Attorneys general in 48 states, as well as the Federal Trade Commission (FTC), have filed two separate lawsuits against Facebook on Wednesday, Dec. 9 that seek to break up the social media giant and address years of complaints about its online practices.
Both suits are asking a judge to break the company down into its component parts and force it to divest WhatsApp and Instagram.
According to the lawsuits, Facebook illegally suppressed competition by purchasing rival companies that challenged its dominance. This includes its $1 billion purchase of Instagram in 12 and its $19 billion acquisition of WhatsApp in 2014.
The suits state that Facebook's acquisition of rival companies, which have helped increase its value to over $800 billion, violates the Sherman Antitrust Act and the Clayton Antitrust Act. "Facebook has used its monopoly power to crush smaller rivals and snuff out competition, all at the expense of everyday users," said New York Attorney General Letitia James, who is leading the effort, in a statement on Twitter. "Instead of improving its own product, Facebook took advantage of consumers and made billions of dollars converting their personal data into a cash cow."
The states' lawsuit quotes from internal Facebook discussions that reveal a company paranoid about losing users to competing apps. "After identifying two significant competitive threats to its dominant position — Instagram and WhatsApp — Facebook moved to squelch those threats by buying the companies, reflecting CEO Mark Zuckerberg's view, expressed in a 2008 email, that 'it is better to buy than compete,'" the FTC said in its suit.
"To further entrench its position, Facebook has also imposed anticompetitive conditions that restricted access to its valuable platform — conditions that Facebook personnel recognized as 'anti user[,]' 'hypocritical' in light of Facebook's purported mission of enabling sharing, and a signal that 'we're scared that we can't compete on our own merits.'"
Most aggressive legal action against Facebook to date
The coordinated federal and state lawsuits represent the most aggressive legal action against the company to date by government authorities. Some of those involved have compared it to actions against the railroad and telecom monopolies of the past.
"Whether it’s railroads, telecom, or social media, monopolies undermine our economy’s foundation of consumer choice," Delaware Attorney General Kathy Jennings said in a statement. "Facebook knowingly, openly, and illegally made digital hostages of its users and developers over a decade of unfair acquisitions and mistreatment of developers." "We are suing not just to hold this company accountable for its conduct, but to release consumers from a monopoly and to allow Delawareans the choice and freedom they deserve,” she adds.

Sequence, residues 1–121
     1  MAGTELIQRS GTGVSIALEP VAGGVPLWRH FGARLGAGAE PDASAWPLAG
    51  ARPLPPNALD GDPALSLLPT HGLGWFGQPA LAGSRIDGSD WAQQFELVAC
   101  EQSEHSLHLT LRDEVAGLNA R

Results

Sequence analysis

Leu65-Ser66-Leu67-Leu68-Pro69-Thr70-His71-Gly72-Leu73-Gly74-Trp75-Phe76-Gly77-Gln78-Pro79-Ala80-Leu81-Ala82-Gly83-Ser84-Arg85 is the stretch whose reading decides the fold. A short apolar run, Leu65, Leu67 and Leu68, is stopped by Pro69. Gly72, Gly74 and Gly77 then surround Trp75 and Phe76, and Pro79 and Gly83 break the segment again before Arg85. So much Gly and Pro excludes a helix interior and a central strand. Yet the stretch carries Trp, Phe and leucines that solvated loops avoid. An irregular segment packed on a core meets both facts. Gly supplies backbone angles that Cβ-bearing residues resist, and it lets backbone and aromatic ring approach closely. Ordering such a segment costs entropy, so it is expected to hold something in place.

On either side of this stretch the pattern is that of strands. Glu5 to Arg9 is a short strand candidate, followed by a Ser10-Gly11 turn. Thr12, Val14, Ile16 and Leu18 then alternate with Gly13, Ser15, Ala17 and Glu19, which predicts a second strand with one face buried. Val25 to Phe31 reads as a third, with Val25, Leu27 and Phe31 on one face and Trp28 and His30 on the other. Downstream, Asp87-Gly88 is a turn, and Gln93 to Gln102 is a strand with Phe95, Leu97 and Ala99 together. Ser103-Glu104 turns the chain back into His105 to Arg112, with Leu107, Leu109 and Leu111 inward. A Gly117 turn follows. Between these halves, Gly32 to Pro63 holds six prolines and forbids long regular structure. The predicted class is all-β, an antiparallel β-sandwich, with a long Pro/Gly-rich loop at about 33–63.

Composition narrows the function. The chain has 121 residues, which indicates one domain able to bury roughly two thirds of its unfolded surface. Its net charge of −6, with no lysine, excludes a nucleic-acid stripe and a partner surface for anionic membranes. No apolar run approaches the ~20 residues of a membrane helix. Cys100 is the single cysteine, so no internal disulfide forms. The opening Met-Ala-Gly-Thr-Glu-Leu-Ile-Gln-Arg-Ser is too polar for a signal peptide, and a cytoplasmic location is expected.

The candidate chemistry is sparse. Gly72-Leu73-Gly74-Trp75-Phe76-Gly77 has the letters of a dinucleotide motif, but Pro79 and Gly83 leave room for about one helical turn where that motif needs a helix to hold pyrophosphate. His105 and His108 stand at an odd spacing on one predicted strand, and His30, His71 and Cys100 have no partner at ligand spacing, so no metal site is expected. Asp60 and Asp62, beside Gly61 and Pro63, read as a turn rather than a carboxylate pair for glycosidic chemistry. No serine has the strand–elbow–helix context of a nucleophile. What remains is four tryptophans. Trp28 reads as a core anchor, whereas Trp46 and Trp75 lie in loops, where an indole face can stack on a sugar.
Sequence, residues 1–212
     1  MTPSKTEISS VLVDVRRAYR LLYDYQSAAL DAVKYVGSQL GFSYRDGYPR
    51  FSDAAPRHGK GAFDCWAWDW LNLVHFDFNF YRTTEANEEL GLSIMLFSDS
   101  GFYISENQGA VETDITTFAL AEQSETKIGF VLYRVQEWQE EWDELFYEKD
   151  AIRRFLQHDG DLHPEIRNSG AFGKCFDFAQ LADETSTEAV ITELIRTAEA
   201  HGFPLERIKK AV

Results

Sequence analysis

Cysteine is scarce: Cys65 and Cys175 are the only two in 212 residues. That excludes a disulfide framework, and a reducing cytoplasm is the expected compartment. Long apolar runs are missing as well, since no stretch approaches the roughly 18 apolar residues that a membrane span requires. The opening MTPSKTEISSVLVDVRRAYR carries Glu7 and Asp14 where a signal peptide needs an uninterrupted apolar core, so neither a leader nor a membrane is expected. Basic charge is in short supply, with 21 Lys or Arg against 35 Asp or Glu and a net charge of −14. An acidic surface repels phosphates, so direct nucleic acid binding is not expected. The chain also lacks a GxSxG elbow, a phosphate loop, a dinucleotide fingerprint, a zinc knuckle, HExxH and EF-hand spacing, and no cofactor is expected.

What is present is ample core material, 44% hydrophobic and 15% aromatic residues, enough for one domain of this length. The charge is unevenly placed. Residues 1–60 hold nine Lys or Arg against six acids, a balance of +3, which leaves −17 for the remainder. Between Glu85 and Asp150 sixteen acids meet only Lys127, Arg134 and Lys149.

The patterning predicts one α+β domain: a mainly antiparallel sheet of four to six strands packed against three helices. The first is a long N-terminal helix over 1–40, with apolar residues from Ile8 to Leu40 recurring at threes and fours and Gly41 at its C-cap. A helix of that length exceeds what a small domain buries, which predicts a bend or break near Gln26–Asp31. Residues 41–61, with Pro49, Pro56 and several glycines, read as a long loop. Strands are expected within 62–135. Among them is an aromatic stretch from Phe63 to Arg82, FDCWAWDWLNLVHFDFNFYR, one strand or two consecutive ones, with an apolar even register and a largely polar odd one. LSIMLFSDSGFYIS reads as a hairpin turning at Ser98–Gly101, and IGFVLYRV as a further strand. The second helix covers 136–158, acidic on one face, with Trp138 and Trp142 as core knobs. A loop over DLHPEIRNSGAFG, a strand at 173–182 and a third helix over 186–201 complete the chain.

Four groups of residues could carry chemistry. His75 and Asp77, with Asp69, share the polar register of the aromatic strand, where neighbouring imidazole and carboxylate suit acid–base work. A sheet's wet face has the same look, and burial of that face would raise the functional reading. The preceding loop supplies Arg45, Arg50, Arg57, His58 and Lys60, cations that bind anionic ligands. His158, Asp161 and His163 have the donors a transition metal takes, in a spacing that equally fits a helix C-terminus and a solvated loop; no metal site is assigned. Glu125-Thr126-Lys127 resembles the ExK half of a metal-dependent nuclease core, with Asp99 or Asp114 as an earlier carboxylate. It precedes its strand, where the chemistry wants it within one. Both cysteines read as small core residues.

In its suit, the FTC is seeking a permanent injunction in federal court that could, among other things, require Facebook to divest some of its assets, including WhatsApp and Instagram. In addition, it would also prohibit Facebook from imposing anticompetitive conditions on software developers and require them to seek prior notice and approval for future mergers and acquisitions. "Personal social networking is central to the lives of millions of Americans," Ian Conner, director of the FTC's Bureau of Competition, said in a statement.
"Facebook's actions to entrench and maintain its monopoly deny consumers the benefits of competition. Our aim is to roll back Facebook’s anticompetitive conduct and restore competition so that innovation and free competition can thrive." In response, Facebook Vice President and general counsel, Jennifer Newstead called the lawsuits "revisionist history." She pointed to the fact that Facebook received regulatory approval to purchase WhatsApp and Instagram. "This is revisionist history. Antitrust laws exist to protect consumers and promote innovation, not to punish successful businesses. Instagram and WhatsApp became the incredible products they are today because Facebook invested billions of dollars, and years of innovation and expertise, to develop new features and better experiences for the millions who enjoy those products," said Newstead said. "The most important fact in this case, which the Commission does not mention in its 53-page complaint, is that it cleared these acquisitions years ago. The government now wants a do-over, sending a chilling warning to American business that no sale is ever final.
People and small businesses don’t choose to use Facebook’s free services and advertising because they have to, they use them because our apps and services deliver the most value. We are going to vigorously defend people’s ability to continue making that choice."
The suits come seven weeks after the Department of Justice and a smaller coalition of states filed a similar antitrust lawsuit against Google. These actions represent the latest escalation in a power struggle between the government and big tech.
They also serve notice that regulators are no longer satisfied with the billions of dollars in fines that have been levied against these companies in recent years in unsuccessful attempts to curb their dominance. The last time a major U.S. company was broken up in a federal antitrust case was the 1984 federal suit that led to the dissolution of AT&T's Bell telephone monopoly. Follow TechGiants.news for more on the antitrust actions against Facebook and other tech companies.